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Schedule Dependency of 5-Fluorouracil

Schedule Dependency of 5-Fluorouracil

ABSTRACT: 5-Fluorouracil (5-FU) is cell-cycle specific for its cytotoxicity and has a pharmacokinetic profile characterized by a short, single-dose half-life of 10 to 20 minutes in plasma. Efforts to maximize its clinical efficacy have been directed at overcoming this short half-life. Strategies have included prolonging intracellular exposure by biochemical modulation or administration by infusional schedules, and more recently by chronic oral dosing. A number of clinical trials comparing routes of administration and biochemical modulation of 5-FU are presented in this article. Issues of dose intensity, differing toxicity profiles, and pharmacoeconomics are reviewed. [ONCOLOGY 7(Suppl 3):26-32, 1999]


Schedule dependency for fluorinated
pyrimidine-based therapy has been an issue since Ansfield’s
early investigations.[1] Until very recently, the pharmacologic
armamentarium against colorectal cancer was extremely limited.
Because single-agent 5-fluorouracil (5-FU) has been the mainstay in
treatment of this disease, much of the clinical study of this drug
has occurred in the setting of colorectal cancer. Consequently,
clinical trials of 5-FU–based regimens for disseminated
colorectal cancer have focused on biochemical modulation and schedule
dependency as a means of enhancing therapeutic efficacy.

5-FU Pharmacokinetics

Mechanism of Action

A major mechanism of 5-FU action is inhibition of thymidylate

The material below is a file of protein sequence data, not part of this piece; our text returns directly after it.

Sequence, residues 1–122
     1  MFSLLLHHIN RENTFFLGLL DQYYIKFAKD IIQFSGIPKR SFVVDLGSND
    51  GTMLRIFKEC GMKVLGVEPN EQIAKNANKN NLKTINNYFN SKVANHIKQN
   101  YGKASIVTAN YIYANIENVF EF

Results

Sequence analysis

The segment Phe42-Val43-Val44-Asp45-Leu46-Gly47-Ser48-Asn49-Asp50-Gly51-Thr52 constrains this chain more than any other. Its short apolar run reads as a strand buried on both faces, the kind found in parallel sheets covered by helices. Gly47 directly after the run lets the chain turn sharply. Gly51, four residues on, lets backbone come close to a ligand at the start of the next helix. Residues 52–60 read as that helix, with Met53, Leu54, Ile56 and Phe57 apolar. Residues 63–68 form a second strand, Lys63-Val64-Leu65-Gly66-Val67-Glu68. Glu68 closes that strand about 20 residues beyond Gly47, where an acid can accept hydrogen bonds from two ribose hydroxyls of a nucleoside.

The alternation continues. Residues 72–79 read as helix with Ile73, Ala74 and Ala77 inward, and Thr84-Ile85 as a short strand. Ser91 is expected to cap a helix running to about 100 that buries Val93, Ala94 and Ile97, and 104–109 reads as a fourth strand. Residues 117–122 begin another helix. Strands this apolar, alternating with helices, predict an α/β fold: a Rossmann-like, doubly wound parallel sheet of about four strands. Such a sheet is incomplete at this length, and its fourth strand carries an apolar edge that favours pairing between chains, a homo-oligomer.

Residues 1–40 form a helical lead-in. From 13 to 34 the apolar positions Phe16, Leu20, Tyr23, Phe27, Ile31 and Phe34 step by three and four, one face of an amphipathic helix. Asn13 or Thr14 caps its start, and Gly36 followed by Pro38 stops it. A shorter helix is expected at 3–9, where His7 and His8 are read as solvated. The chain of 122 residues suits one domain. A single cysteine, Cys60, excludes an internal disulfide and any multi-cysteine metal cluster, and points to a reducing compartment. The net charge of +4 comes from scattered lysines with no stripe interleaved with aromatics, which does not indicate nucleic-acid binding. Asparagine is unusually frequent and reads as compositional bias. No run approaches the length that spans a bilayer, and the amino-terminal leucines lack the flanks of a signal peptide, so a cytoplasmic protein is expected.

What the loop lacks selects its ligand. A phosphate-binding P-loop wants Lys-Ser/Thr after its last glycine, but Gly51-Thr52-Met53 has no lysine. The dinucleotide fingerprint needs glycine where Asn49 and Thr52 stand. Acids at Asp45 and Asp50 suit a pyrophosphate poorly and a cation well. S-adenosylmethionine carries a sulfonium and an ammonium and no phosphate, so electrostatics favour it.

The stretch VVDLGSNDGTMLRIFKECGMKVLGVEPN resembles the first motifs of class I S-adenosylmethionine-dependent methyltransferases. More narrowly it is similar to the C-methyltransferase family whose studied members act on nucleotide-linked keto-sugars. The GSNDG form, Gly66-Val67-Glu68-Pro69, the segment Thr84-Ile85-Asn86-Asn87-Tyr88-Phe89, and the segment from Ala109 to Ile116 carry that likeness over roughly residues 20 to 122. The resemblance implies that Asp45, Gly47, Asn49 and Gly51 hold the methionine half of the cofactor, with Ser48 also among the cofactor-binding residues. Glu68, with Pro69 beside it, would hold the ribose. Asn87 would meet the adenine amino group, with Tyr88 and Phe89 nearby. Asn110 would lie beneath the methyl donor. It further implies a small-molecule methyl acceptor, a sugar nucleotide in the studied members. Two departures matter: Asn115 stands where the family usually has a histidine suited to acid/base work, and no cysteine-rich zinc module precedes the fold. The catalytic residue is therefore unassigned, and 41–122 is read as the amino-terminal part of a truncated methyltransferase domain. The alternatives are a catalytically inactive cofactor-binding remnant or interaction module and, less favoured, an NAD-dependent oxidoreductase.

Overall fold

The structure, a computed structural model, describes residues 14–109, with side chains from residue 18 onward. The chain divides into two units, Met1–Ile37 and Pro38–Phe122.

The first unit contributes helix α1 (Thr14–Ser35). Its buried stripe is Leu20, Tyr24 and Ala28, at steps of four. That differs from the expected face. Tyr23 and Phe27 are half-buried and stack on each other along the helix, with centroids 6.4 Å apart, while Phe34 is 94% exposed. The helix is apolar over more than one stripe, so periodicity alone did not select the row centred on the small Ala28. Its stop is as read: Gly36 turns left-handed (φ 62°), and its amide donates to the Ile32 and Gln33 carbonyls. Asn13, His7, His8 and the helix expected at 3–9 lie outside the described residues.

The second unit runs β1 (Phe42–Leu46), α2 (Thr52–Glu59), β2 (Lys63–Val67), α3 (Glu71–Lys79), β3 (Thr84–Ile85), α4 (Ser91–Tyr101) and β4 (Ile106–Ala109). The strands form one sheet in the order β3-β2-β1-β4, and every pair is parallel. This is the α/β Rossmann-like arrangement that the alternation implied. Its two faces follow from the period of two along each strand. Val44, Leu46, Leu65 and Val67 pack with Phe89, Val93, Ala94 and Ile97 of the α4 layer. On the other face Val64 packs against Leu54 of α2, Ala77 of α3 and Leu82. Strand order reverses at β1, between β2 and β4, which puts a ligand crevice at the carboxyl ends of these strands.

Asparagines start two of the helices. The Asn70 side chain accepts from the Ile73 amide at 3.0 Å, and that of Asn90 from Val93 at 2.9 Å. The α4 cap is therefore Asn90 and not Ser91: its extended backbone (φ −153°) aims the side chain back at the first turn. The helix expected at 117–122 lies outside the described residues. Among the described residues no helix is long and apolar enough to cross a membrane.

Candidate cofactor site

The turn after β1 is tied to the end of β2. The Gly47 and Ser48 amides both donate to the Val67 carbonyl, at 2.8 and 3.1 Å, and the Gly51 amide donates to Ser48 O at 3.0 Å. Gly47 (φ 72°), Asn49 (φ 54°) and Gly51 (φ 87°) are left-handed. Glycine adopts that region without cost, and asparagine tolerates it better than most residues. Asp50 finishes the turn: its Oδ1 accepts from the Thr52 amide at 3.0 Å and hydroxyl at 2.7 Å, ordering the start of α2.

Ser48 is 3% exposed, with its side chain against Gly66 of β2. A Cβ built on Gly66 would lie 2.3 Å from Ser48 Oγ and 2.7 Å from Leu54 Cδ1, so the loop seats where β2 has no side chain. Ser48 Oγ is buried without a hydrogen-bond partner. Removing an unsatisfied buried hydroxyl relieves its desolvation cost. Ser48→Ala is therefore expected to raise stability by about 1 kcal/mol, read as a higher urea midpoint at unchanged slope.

synthase activity by competitive binding of F-dUMP (5-fluorodeoxyuridine
monophosphate) with the dUMP binding site on the enzyme molecule,
thus inhibiting the rate-limiting step for thymidine and, therefore,
DNA synthesis. This process is cell-cycle (S-phase) specific, making
drug activity irregular against the sensitive portion of the tumor
cell population. Potential for cytotoxic activity is further impaired
by the rapid catabolic rate for the drug, reflected in the short
plasma half-life of 10 to 20 minutes, when given as a bolus injection.[2,3]

5-FU has also been shown experimentally and in clinical trials to
function as a radiation sensitizer.[4] In this setting, short half-life,
overlapping toxicities, and enhanced toxicity with the addition of
modulators have additional therapeutic implications. Furthermore, in
the disseminated disease setting, where palliation is a goal—in
addition to enhancement of response rates, time-to-progression, and
survival—the issue of type and degree of toxicity is an
important one.

Dose Intensity

To increase tumor cell–kill and response rates in the
disseminated disease setting and to project the best regimen for
eradication of micrometastases in the adjuvant setting, dose
intensity may be important in determining the schedule for optimal
drug delivery. Dose intensity is defined as the amount of drug
delivered per unit of time, typically reported as milligrams per
square meter per week or per 28 days, regardless of the schedule
used.[5] A dose-intense regimen may or may not be associated with
high peak drug levels. Continuous administration of chemotherapeutic